Arrest Of Nissan Chairman Threatens Future Of Alliance With Mitsubishi And Renault
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One of the auto industry's most prominent executives was arrested today in Tokyo. Nissan chairman Carlos Ghosn is accused of hiding part of his financial compensation from Japanese regulators. He's expected to be fired later this week. NPR's Jim Zarroli has more.
JIM ZARROLI, BYLINE: Nissan's head Ghosn received about $89 million over the past five years but only reported about half of it to the government. Another executive was accused of helping him hide his income. The company said it has been conducting an internal investigation into misconduct by Ghosn. Still, the news took a lot of people by surprise. Michelle Krebs is an industry analyst at AutoTrader.
MICHELLE KREBS: Utterly shocking and also sad - this is a man who had an incredible legacy to leave behind, and he's ending on a very sour note.
ZARROLI: Krebs says Ghosn was one of the auto industry's big thinkers - provocative and colorful, a frequent guest at Davos. He was a big backer of electric cars. Born in Brazil to a family of Lebanese descent, Ghosn became chairman of the French carmaker Renault. In the 1990s, he formed an unusual alliance between Renault and the struggling Japanese company Nissan. Mitsubishi later joined as well. Here was Ghosn speaking at Stanford in 2010.
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CARLOS GHOSN: When I arrived in Japan 1999, one of the reasons for which Nissan was in trouble is there was lots of decisions, which needed to be taken five years ago, were not taken.
ZARROLI: Ghosn embarked on an unusual austerity program. He started doing things that weren't common in Japan, like laying off employees and shutting down factories. Analyst Jeremy Acevedo, at Edmunds, says Ghosn...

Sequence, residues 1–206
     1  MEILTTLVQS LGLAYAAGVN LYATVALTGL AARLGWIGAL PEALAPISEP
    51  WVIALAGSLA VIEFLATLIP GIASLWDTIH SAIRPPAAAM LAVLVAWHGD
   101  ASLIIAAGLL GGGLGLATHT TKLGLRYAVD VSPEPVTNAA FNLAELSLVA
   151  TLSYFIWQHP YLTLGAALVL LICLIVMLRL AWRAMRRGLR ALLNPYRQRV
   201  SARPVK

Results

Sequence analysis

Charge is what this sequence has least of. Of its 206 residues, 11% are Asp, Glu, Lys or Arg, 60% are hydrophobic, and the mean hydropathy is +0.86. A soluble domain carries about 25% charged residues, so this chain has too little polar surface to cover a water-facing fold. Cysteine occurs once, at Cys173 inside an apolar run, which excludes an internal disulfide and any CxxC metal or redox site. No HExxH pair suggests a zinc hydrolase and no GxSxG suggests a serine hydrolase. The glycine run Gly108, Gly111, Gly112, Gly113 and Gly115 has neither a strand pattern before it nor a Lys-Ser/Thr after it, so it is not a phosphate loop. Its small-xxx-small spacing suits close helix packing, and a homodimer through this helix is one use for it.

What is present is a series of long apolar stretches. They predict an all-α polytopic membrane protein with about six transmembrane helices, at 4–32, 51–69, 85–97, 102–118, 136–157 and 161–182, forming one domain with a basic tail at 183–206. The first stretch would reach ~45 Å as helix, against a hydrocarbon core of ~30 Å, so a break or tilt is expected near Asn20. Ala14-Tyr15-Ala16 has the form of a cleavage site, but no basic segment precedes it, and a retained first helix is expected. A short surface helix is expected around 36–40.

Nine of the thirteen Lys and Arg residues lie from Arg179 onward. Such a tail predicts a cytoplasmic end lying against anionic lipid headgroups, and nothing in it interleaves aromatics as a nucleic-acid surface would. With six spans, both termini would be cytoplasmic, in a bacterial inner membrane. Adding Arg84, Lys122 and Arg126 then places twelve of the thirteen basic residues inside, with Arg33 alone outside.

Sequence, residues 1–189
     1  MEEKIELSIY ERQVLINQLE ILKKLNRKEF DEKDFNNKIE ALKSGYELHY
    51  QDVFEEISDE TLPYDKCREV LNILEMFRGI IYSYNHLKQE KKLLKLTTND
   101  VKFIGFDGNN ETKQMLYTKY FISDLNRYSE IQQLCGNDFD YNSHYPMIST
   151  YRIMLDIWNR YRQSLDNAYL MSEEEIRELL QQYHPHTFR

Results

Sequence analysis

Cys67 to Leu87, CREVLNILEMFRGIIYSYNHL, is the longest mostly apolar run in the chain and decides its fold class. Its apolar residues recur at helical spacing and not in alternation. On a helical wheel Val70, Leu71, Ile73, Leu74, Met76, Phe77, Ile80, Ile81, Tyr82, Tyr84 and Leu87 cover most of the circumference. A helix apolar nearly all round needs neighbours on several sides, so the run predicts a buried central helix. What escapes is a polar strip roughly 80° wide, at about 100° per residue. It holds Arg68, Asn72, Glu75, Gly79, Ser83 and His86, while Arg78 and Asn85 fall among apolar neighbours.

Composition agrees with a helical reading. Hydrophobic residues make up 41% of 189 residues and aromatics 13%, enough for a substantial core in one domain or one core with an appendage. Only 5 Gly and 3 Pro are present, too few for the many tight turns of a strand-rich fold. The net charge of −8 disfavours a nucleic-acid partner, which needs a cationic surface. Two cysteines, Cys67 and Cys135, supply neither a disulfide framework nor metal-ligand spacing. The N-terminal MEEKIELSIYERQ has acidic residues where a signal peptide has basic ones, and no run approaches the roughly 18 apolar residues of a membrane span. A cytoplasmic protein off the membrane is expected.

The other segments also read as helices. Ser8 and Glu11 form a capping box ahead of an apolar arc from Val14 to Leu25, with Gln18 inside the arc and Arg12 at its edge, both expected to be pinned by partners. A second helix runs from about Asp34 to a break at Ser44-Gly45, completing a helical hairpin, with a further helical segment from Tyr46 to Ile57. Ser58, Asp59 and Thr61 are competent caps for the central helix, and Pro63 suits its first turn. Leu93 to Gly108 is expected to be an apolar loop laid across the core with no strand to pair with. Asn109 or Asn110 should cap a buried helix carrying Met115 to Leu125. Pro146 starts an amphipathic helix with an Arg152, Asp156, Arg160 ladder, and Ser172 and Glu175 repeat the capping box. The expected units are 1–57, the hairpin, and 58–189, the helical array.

JEREMY ACEVEDO: Really cut the fat to make the company very lean and was able to turn a profit very rapidly for Nissan - it really is a really remarkable turnaround.
ZARROLI: The alliance Ghosn formed sold more than ten and a half million cars last year - more than any single company. Ghosn's success made him something of a folk hero in Japan. There was even a comic book published about him. But Michelle Krebs says he was also controversial.
KREBS: Japanese executives don't make anywhere near the money that American executives do, for example. And Mr. Ghosn was extremely well paid, and that had caused a lot of resentment.
ZARROLI: It was that high salary that Ghosn allegedly tried to hide. Nissan says it will hold a board meeting on Thursday where it's expected to fire Ghosn. Acevedo says it's a big loss for the company at a time when auto sales have peaked.
ACEVEDO: Having Carlos Ghosn - really one of the most visible and high-profile CEOs in the industry - now leaving the company, it's challenging for Nissan to, I think, navigate.
ZARROLI: One of the challenges Nissan faces is deciding what its relationship should be with the other two companies in the alliance now that the man who was so central to it is leaving. For now, Ghosn remains chairman of Renault, which says it's looking into the allegations. Renault owns a large share of Nissan, and it says it wants to protect the stability of the partnership. Jim Zarroli, NPR News, New York.
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